history Reasons the Yakuza Is More Than Just a Japanese Mafia

Christopher Myers
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The yakuza are Japanese organized crime syndicates. They have existed in some form for more than 400 years, making them older than America, let alone the American Mafia. Yakuza history is extensive, and the yakuza have come a long way from their days as outcast bands of street peddlers and gamblers. At one point, their members numbered more than 180,000, dwarfing the Mafia. Yakuza organizations are structured as families, with various clans organizing into a corporate-like structure under larger ones. Though the word family is often used to describe yakuza organizations, they are not families in the biological sense, but rather tightly-knit groups.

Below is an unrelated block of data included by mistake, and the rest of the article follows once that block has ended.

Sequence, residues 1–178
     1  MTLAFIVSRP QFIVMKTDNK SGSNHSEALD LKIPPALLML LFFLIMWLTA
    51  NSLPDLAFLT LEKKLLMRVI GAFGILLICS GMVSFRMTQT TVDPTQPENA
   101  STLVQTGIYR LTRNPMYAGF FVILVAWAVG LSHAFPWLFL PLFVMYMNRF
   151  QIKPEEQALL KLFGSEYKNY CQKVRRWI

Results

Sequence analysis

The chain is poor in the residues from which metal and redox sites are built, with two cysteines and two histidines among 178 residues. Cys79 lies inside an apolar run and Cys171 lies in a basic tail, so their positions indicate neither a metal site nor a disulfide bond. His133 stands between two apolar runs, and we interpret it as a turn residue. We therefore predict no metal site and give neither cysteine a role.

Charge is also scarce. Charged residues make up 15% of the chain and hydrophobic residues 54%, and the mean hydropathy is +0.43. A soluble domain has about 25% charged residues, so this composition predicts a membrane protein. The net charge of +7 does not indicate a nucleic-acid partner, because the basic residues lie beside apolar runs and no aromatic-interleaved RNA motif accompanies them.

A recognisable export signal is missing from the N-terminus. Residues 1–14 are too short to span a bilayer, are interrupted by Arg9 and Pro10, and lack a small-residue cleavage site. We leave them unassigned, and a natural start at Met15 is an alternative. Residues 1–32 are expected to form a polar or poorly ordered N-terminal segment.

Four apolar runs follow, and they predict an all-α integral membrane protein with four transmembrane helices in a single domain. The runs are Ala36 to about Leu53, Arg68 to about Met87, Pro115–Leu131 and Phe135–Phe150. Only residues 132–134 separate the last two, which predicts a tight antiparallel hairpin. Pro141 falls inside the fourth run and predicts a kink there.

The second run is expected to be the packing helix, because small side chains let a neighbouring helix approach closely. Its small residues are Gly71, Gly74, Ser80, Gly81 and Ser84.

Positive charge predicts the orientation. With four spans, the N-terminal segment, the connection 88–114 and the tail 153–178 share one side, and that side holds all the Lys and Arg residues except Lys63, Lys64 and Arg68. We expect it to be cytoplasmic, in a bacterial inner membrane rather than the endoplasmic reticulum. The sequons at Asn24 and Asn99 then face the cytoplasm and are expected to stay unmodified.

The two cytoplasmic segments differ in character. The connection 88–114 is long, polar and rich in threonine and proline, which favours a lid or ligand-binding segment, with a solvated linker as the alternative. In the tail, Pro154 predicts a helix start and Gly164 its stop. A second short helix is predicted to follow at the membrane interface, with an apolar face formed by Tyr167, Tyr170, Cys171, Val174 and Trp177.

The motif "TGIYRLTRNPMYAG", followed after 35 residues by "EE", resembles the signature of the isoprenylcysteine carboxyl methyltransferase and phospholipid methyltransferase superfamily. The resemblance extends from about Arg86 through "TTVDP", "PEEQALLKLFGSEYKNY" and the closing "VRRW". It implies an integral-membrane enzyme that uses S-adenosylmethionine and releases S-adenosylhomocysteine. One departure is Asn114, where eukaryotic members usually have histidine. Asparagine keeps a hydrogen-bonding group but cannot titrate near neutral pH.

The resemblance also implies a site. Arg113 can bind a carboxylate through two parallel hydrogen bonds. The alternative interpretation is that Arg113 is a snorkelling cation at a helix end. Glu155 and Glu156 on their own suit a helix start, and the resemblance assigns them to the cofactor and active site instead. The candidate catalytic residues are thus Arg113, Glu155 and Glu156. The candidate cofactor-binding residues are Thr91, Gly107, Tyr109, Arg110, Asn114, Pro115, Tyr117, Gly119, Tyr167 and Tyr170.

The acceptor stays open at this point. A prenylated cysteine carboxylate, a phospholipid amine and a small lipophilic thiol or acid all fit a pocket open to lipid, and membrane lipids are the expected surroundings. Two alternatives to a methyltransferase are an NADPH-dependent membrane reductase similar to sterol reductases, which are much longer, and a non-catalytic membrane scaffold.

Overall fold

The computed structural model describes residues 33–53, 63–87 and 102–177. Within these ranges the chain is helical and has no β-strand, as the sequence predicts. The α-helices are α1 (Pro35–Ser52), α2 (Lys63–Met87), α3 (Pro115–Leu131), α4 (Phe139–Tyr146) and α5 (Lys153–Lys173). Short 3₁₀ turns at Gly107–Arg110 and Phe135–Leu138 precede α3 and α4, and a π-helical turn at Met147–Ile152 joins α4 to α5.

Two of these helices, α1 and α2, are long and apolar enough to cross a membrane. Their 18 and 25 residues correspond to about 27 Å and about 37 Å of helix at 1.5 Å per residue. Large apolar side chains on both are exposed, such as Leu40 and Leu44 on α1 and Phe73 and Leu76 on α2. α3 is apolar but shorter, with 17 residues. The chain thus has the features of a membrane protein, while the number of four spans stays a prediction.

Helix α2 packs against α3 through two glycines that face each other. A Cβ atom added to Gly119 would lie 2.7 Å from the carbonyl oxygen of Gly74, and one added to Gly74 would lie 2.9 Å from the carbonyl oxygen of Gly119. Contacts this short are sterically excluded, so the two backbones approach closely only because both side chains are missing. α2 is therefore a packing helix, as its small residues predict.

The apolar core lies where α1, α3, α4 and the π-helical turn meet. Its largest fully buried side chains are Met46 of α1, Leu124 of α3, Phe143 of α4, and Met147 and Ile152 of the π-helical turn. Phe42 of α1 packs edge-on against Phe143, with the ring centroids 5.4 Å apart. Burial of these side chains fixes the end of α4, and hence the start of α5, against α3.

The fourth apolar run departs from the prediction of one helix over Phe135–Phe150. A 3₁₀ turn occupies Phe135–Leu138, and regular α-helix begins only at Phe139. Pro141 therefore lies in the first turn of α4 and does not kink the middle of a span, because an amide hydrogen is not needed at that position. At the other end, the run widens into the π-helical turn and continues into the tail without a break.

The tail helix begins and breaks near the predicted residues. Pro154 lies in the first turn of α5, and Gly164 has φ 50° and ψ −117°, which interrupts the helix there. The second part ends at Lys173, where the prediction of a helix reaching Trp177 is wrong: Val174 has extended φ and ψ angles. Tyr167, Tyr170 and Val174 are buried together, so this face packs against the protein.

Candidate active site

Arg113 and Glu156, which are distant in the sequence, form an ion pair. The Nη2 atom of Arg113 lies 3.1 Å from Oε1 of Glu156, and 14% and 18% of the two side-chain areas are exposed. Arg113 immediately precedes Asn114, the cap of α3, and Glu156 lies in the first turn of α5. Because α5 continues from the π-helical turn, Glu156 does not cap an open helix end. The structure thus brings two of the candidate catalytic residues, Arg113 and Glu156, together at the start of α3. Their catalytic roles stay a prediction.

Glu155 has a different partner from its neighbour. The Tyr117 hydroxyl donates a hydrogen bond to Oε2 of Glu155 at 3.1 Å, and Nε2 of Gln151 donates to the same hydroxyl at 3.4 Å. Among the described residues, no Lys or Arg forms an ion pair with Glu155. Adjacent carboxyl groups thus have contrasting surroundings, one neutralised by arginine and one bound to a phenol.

The yakuza are very different from other criminal organizations. They are deeply ingrained in Japanese culture, and not always in nefarious ways. For centuries, they have tried to create an image of honor and, in a sense, nobility. Yakuza portray themselves as protectors of outcasts, and keepers of order, as can be seen in the name they chose for themselves - ninkyo dantai, or "chivalrous organizations." This name clashes significantly with what the Japanese police call yakuza families - bōryokudan, or "violent groups."

Some yakuza facts help explain their trademark tattoos, or why some yakuza members are missing bits of their pinky fingers. Less well known is that they often carry business cards, and operate openly; it is legal in Japan to be affiliated with yakuza organizations. After reading these facts about the yakuza, you will understand how little the yakuza have in common with other criminal organizations around the world, despite some superficial similarities.